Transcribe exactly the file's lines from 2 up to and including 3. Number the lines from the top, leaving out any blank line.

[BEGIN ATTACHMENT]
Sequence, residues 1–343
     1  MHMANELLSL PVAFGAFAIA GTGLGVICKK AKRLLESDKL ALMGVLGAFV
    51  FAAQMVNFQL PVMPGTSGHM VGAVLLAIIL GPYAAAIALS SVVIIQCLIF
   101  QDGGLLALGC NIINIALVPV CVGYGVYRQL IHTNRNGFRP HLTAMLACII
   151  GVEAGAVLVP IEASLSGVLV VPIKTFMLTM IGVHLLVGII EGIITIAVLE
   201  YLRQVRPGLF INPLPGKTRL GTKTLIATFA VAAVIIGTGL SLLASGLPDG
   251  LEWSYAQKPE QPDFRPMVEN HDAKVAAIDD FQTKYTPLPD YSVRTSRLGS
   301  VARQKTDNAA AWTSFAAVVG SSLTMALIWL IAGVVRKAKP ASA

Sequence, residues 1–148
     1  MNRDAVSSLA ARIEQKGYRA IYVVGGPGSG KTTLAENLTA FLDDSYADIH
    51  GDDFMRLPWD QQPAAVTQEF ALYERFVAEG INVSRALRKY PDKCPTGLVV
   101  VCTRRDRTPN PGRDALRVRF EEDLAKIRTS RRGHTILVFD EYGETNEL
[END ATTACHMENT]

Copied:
     1  MHMANELLSL PVAFGAFAIA GTGLGVICKK AKRLLESDKL ALMGVLGAFV
    51  FAAQMVNFQL PVMPGTSGHM VGAVLLAIIL GPYAAAIALS SVVIIQCLIF